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The Avon Lady acquired iconic status in twentieth century American culture. This first history of Avon tells the story of a direct sales company that was both a giant in its industry and a kitchen-table entrepreneurial venture.

With their distinctive greeting at the homes across the country--Ding Dong! Avon Calling!--sales ladies brought door-to-door sales of makeup, perfume, and other products to American women beginning in 1886. Working for the company enabled women to earn money on the side and even become financially
independent in a respectable profession while selling Avon's wares to friends, family, and neighborhood networks.

Ding Dong! Avon Calling! is the story of women and entrepreneurship, and of an innovative corporation largely managed by men that empowered women to exploit networks of other women and their community for profit. Founded in the late nineteenth century, Avon grew into a massive international direct
sales company in which millions of "ambassadors of beauty" sat in their customers' living rooms with a sample case, catalogue, and a conversational sales pitch. Avon was unique in American business history for its reliance on women as representatives, promising them not just sales positions, but a
chance to have a business of their own. Being an Avon Lady avoided the stigma that was often attached to middle-class women's work outside the home and enabled women to maintain the delicate balance of work and family. Drawing for the first time on company records she helped acquire for archives,
Katina Manko illuminates Avon's inner workings, uncovers the lives of its representatives, and shows how women slowly rose into the company's middle and upper management. Avon called itself "The Company for Women" and championed its high flyers, but its higher echelons remained dominated by men
well into the 1990s.

Avon is more than perfumes and toiletries, but a brand built on women knocking on doors and chatting up neighbors. It thrived for more than a century through the deceptively simple technique of women directly selling beauty to women at home.

The Avon Lady acquired iconic status in twentieth century American culture. This first history of Avon tells the story of a direct sales company that was both a giant in its industry and a kitchen-table entrepreneurial venture.

With their distinctive greeting at the homes across the country--Ding Dong! Avon Calling!--sales ladies brought door-to-door sales of makeup, perfume, and other products to American women beginning in 1886. Working for the company enabled women to earn money on the side and even become financially
independent in a respectable profession while selling Avon's wares to friends, family, and neighborhood networks.

Ding Dong! Avon Calling! is the story of women and entrepreneurship, and of an innovative corporation largely managed by men that empowered women to exploit networks of other women and their community for profit. Founded in the late nineteenth century, Avon grew into a massive international direct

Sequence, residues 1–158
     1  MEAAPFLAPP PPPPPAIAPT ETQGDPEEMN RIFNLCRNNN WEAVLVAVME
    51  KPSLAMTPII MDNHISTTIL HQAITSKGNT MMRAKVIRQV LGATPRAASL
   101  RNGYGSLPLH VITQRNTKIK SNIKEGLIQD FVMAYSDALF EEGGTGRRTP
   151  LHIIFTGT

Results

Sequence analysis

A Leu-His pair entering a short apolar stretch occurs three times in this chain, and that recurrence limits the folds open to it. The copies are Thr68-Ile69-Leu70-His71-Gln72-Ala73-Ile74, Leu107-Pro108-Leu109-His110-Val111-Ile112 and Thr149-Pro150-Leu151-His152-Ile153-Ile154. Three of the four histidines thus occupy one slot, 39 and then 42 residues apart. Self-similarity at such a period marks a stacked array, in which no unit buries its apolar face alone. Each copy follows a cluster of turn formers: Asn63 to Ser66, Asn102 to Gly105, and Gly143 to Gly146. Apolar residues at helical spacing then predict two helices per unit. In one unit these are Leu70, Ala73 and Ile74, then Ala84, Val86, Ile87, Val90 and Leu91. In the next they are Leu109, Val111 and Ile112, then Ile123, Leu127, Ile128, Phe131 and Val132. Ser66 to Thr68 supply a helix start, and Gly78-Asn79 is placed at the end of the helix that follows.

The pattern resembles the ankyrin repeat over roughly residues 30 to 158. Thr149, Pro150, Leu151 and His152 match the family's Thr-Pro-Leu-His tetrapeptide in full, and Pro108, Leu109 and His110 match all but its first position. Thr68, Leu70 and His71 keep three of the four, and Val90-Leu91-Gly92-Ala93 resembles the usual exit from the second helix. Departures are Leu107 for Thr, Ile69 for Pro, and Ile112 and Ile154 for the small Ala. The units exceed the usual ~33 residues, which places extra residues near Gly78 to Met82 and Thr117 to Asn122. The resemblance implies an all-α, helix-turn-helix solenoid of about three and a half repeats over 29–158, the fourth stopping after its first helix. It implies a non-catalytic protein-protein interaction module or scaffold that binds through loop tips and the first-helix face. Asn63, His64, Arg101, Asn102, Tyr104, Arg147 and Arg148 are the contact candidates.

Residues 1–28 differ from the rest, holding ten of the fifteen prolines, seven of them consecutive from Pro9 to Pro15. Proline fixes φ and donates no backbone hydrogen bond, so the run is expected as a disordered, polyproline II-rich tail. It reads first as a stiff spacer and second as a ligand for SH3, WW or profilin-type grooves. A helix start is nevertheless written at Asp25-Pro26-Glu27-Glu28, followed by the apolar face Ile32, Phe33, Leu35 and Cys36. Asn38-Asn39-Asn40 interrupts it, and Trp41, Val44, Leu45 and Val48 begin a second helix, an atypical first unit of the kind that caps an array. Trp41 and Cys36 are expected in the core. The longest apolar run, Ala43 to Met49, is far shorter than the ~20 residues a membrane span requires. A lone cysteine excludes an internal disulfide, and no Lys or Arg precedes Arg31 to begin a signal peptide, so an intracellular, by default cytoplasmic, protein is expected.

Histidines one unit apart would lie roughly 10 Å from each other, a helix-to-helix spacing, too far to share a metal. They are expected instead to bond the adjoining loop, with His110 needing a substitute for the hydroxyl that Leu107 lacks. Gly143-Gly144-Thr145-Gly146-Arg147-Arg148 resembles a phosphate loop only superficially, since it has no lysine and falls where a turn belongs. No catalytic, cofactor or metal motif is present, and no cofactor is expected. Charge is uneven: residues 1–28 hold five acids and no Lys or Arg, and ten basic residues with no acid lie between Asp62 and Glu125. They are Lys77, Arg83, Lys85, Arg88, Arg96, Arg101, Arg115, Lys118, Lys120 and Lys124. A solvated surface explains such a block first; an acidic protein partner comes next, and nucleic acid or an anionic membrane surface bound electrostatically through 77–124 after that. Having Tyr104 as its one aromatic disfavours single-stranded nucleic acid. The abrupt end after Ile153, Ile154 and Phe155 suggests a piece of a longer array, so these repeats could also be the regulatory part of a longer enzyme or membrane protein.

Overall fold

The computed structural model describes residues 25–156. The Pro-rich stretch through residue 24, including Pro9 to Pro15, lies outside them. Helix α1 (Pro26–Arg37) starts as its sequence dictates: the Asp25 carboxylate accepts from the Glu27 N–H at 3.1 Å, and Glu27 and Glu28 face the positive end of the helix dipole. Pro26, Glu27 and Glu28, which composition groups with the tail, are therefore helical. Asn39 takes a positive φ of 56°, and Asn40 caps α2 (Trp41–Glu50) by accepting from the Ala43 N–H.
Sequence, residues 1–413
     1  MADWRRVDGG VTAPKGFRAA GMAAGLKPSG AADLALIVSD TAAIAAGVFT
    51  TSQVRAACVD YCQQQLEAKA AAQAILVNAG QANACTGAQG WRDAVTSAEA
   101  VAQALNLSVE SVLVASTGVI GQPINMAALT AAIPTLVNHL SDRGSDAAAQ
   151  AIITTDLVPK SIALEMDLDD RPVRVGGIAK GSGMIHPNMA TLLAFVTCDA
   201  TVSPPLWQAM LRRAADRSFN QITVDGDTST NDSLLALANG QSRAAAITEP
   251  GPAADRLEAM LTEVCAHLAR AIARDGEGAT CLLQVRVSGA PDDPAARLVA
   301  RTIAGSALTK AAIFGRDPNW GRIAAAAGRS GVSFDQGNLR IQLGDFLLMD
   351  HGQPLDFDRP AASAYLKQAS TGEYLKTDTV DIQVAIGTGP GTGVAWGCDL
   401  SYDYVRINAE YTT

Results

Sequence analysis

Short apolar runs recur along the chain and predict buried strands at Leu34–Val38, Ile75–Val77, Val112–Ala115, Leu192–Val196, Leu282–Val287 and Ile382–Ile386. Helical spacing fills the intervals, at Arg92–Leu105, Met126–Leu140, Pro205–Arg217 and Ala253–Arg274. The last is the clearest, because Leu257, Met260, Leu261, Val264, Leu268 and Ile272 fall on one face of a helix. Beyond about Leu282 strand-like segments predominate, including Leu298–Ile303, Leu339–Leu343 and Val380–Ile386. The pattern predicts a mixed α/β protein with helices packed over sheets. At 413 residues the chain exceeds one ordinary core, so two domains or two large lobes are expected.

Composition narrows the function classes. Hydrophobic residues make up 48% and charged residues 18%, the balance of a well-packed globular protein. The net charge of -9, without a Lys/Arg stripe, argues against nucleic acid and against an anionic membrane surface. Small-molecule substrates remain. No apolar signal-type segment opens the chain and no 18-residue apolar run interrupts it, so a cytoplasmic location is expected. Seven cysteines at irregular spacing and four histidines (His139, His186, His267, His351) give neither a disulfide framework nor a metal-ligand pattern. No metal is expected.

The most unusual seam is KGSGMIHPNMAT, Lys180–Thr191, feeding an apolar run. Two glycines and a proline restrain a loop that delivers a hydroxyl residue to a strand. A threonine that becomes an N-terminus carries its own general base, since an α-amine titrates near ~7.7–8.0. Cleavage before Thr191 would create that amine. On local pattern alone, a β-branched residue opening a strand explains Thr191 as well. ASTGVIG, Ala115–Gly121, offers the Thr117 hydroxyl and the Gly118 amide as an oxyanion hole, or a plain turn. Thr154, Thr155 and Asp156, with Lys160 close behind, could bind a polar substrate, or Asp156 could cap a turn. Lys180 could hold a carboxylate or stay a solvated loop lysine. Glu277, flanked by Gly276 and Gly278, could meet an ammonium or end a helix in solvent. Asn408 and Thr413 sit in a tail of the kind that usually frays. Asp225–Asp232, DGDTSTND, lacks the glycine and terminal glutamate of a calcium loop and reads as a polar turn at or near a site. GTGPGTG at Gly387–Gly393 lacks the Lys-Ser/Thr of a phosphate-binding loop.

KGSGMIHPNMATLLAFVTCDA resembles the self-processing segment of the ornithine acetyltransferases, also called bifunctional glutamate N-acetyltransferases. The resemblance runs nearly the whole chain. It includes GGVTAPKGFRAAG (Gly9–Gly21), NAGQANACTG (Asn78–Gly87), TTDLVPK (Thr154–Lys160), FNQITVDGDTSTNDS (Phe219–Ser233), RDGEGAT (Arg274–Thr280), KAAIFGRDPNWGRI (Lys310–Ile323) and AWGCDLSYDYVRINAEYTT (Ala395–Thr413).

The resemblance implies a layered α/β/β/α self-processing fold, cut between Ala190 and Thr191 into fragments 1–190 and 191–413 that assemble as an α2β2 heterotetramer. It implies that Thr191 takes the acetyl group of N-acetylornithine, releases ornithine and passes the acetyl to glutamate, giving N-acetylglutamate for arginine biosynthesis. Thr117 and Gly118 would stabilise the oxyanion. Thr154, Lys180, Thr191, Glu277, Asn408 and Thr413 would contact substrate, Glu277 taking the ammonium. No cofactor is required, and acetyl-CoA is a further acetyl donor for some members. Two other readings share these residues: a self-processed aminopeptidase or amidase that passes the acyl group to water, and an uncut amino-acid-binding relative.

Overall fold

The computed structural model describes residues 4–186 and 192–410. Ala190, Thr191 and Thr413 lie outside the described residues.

sales company in which millions of ambassadors of beauty sat in their customers' living rooms with a sample case, catalogue, and a conversational sales pitch. Avon was unique in American business history for its reliance on women as representatives, promising them not just sales positions, but a
chance to have a business of their own. Being an Avon Lady avoided the stigma that was often attached to middle-class women's work outside the home and enabled women to maintain the delicate balance of work and family. Drawing for the first time on company records she helped acquire for archives,
Katina Manko illuminates Avon's inner workings, uncovers the lives of its representatives, and shows how women slowly rose into the company's middle and upper management. Avon called itself The Company for Women and championed its high flyers, but its higher echelons remained dominated by men
well into the 1990s.

Avon is more than perfumes and toiletries, but a brand built on women knocking on doors and chatting up neighbors. It thrived for more than a century through the deceptively simple technique of women directly selling beauty to women at home.

The Avon Lady acquired iconic status in twentieth century American culture. This first history of Avon tells the story of a direct sales company that was both a giant in its industry and a kitchen-table entrepreneurial venture.

With their distinctive greeting at the homes across the country--Ding Dong! Avon Calling!--sales ladies brought door-to-door sales of makeup, perfume, and other products to American women beginning in 1886. Working for the company enabled women to earn money on the side and even become financially
independent in a respectable profession while selling Avon's wares to friends, family, and neighborhood networks.

Ding Dong! Avon Calling! is the story of women and entrepreneurship, and of an innovative corporation largely managed by men that empowered women to exploit networks of other women and their community for profit. Founded in the late nineteenth century, Avon grew into a massive international direct
sales company in which millions of ambassadors of beauty sat in their customers' living rooms with a sample case, catalogue, and a conversational sales pitch. Avon was unique in American business history for its reliance on women as representatives, promising them not just sales positions, but a
chance to have a business of their own. Being an Avon Lady avoided the stigma that was often attached to middle-class women's work outside the home and enabled women to maintain the delicate balance of work and family. Drawing for the first time on company records she helped acquire for archives,
Katina Manko illuminates Avon's inner workings, uncovers the lives of its representatives, and shows how women slowly rose into the company's middle and upper management. Avon called itself The Company for Women and championed its high flyers, but its higher echelons remained dominated by men
well into the 1990s.

Avon is more than perfumes and toiletries, but a brand built on women knocking on doors and chatting up neighbors. It thrived for more than a century through the deceptively simple technique of women directly selling beauty to women at home.